Karnataka's non-tax revenues constitute less than one per cent of GSDP
February, 19th 2013
Even as the State has one of the highest own tax revenues to Gross State Domestic Product (GSDP) ratio, the ratio of non-tax revenue to total receipts has not been increasing over the years. It will reach 0.73 per cent of GSDP in 2012-13.
Non- tax revenue includes receipts from social, economic and general services and interests and dividends. Non-tax revenue as a per cent of GSDP will decline to 0.73 per cent in 2012-13 from 2.69 per cent in 2004-05. “Non-tax revenue has shown a decline and warrants attention,” the government said.
The State’s GDP was expected to grow at 5.9 per cent to reach Rs. 3,03,444 crore in 2012-13 (GSDP at constant prices 2004-05).
According to the Medium Term Fiscal Plan 2013-2017, which outlined the government’s fiscal strategy, the State revenue receipts are expected to reach Rs. 84,884 crore and of which the State own tax revenues (STOR) would constitute Rs. 53,492 crore and non-tax revenue Rs. 3,796 crore in 2012-13.
The State has one of the lowest non-tax revenues to the GSDP ratios in the country. In many departments, the revision of user charges, fees, and fines and other such non-tax receipts have not taken place for many years. Even with revision of rates and better collection mechanisms, the increase would not be large due to existing low base, the State’s economic survey said.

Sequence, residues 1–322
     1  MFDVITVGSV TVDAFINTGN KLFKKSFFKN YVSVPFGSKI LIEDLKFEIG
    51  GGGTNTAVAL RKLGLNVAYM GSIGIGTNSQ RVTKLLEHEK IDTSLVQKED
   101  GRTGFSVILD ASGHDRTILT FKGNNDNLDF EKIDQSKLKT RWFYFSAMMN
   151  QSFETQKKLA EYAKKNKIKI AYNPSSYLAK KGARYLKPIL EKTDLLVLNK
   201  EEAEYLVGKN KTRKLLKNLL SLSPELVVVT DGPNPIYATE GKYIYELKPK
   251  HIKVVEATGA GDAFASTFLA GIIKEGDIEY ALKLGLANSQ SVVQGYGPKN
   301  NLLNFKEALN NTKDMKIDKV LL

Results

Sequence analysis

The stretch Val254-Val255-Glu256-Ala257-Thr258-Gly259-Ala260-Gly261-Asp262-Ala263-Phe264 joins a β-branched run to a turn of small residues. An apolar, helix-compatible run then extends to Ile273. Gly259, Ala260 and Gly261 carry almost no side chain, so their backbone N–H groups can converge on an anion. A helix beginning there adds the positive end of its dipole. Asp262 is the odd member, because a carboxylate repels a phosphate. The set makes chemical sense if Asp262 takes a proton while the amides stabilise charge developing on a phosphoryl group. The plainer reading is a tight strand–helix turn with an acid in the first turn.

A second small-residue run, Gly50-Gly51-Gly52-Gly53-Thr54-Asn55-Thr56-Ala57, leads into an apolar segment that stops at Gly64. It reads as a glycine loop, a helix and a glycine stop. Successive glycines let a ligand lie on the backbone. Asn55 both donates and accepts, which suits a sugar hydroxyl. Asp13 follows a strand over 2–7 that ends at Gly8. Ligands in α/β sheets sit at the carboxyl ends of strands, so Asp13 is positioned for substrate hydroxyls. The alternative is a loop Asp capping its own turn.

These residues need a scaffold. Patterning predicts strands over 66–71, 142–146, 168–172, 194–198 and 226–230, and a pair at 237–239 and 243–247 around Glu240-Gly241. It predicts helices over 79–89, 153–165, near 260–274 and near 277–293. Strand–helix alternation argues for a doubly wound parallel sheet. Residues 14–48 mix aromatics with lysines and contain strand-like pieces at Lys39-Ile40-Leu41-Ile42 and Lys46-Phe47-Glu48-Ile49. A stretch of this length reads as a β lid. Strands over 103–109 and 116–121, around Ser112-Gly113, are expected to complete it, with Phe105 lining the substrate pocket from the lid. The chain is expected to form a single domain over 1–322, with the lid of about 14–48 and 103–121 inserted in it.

STOR constituted 65 per cent of total revenue receipts as per the revised budget estimate (Rs. 53,492 crore) for 2012-13 which was more than 15 per cent of the budget actuals of Rs. 46,476 crore in 2011-12. Non-tax revenue stood at Rs. 3,334 crore in 2009-10, Rs. 3,358 crore in 2010-11 and Rs. 4,087 crore in 2011-12. The major single sources of non-tax revenues are from mining and forest development tax. The government expected non-tax revenue of Rs. 178 crore from forest, Rs. 574 crore from interest and dividends, Rs. 1,500 crore from mines and geology and Rs. 1,544 crore from other sources such as user charges in hospitals and drinking water.
Major reasons for the decline in non-tax revenue is the lack of monitoring by departments and the non-revision of user charges in government-run hospitals, irrigation, drinking water, educational institutions, public transport and electricity supply. The Fiscal Management Review Committee headed by the Chief Secretary, which would review fiscal and debt position of the State, has recommended remedial measures such as regular revision of user charges to the check slide in the growth of non-tax revenues.